In view of the above needs and concerns, there is a need for a needleless connector that is inexpensive to manufacture, disposable, and easily adaptable for use in various medical applications.
Thus it is an object of this invention to eliminate the necessity of using a secondary needle as a component in tubing connections related to intravenous delivery of medication or the removal of fluids from a patient.
It is a further object of this invention to provide a Y-site connector which is easily connectable to a syringe, I.V. administration sets, or other standard medical fittings.
It is still a further object of this invention to provide a Y-site connector which is extremely simply in design, and easy to disinfect.
A primary object of the present invention is to provide a medical connector which allows intravenous access to a patient for the infusion or aspiration of fluids. To accomplish this, the medical connector includes a connector body having first and second openings and a first internal wall joining said first and second openings, said first internal wall forming a first fluid passage for communicating a first fluid between said first and second openings. A valve member is disposed in the first fluid passage and is adapted to prevent the first fluid from communicating between the first and second openings through the first fluid passage. Means, responsive to a compressive force placed on the medical connector, functions to permit the first fluid to freely communicate between the first and second openings through the first fluid passage.
The connector body preferably includes a third opening and a second internal wall. The second internal wall connects the third opening to the first fluid passage and forms a second fluid passage for communicating a second fluid between the third opening and the first fluid passage.
The connector body preferably includes a relieved portion thereby improving the responsiveness of the medical connector to the compressive force placed on it. The relieved portion is preferably located proximate the first opening of the connector body.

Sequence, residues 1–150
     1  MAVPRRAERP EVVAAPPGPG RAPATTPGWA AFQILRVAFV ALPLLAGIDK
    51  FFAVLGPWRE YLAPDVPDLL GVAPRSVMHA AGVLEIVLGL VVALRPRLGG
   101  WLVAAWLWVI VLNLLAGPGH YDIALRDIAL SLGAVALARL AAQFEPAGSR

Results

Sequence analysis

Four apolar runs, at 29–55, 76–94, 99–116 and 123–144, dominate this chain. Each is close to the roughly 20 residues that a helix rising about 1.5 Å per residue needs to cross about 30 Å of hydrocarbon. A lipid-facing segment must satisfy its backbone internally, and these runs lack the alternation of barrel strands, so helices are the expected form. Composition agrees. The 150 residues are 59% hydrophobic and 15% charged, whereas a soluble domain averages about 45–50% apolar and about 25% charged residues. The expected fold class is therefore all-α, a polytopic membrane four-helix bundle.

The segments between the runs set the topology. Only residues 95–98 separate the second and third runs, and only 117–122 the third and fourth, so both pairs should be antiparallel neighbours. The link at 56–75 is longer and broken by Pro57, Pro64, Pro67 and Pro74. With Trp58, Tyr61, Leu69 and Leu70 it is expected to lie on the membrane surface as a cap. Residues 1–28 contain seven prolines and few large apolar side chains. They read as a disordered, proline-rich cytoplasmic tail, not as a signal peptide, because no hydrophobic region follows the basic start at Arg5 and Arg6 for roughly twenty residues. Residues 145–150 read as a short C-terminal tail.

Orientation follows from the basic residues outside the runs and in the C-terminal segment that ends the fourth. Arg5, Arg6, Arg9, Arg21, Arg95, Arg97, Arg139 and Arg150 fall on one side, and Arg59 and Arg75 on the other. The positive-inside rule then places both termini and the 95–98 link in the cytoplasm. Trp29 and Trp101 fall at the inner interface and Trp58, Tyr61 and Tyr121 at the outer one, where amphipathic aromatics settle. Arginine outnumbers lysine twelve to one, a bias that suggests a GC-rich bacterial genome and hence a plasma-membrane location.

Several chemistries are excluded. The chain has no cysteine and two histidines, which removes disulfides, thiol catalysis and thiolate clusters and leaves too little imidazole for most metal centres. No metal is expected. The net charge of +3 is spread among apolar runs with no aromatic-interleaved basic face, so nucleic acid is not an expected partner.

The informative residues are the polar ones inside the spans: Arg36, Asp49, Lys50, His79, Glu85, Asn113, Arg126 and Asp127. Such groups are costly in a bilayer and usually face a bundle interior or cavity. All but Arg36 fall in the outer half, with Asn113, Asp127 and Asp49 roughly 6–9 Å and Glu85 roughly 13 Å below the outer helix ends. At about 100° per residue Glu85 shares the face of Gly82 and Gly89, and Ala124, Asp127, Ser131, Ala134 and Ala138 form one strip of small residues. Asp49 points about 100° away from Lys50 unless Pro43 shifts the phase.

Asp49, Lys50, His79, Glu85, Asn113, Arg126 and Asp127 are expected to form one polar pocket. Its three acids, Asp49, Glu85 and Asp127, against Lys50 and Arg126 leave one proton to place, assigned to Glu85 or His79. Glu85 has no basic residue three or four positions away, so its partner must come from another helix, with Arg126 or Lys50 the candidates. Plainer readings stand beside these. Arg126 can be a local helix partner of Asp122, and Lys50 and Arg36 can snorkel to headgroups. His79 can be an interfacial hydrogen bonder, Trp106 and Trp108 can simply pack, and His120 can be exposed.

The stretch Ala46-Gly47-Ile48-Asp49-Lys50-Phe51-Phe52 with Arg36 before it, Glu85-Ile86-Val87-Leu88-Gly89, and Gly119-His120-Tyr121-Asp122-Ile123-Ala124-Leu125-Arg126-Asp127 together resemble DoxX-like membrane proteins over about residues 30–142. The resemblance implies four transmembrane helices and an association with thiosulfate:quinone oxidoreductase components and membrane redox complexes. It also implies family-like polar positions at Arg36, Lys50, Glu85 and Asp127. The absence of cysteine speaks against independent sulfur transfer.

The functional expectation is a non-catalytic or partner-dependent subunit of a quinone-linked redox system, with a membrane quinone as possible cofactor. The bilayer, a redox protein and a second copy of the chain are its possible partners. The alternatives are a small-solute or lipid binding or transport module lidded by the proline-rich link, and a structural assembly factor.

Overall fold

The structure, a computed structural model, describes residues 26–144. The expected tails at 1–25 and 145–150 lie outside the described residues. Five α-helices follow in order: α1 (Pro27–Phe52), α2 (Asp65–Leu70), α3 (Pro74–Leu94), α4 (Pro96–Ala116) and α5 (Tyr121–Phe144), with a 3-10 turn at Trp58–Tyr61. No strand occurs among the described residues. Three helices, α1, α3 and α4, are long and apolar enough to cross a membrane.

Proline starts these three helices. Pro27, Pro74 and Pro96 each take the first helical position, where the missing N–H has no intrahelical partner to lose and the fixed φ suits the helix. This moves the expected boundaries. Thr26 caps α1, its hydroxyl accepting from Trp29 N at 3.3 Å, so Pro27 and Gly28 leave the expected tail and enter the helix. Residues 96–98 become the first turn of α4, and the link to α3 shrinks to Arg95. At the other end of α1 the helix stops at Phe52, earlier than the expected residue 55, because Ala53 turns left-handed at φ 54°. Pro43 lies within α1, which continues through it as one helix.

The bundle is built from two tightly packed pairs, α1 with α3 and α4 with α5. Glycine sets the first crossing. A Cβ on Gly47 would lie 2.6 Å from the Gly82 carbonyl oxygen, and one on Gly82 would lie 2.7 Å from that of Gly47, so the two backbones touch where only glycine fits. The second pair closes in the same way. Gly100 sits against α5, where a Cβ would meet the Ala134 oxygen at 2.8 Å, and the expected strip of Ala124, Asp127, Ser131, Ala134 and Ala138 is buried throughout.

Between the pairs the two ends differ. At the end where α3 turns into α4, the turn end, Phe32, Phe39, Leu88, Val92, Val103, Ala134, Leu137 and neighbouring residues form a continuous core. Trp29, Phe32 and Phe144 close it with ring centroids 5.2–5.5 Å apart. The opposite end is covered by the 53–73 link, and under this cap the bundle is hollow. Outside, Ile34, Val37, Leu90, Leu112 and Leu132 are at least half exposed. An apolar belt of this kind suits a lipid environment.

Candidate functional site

In a preferred embodiment, the flow permitting means includes a slit passing through the valve member. The valve member is preferably disposed in the first fluid passage proximate the first opening. The valve member includes a fluid delivery mating surface which extends beyond the first opening making the fluid delivery mating surface easy to clean.
In an alternative embodiment, the valve member is comprised of two separate halves, each half including a mating surface, and each half adapted to contact one another along their mating surfaces, and the mating surfaces forming an interface slit between the valves halves wherein the flow permitting means includes the interface slit between the valve halves. Preferably, the connector body includes first and second relieved portions, wherein the valve member is disposed between the first and second relieved portions. Preferably the slit in the valve (or the slit between the valve halves) is generally planar and resides in a plane which is generally perpendicular to a line passing through the first and second relieved portions of the connector body.
Preferably, the medical connector further includes a female fastener adapted to engage and compress the medical connector thereby activating the flow permitting means and allowing the first fluid to communicate between the first and second openings through the first fluid passage. The female fastener preferably includes thread means for threadedly engaging the connector body portion of the medical connector. In a first embodiment of the female fastener, thread means are provided having a bore disposed in the female fastener which has sloping, concentric sidewalls. In a second embodiment of the female fastener thread means is provided including a bore disposed in the female fastener wherein the bore has non-concentric sidewalls. Both of the above embodiments of the female fastener are effective for threadedly engaging and compressing the medical connector to activate the flow permitting means.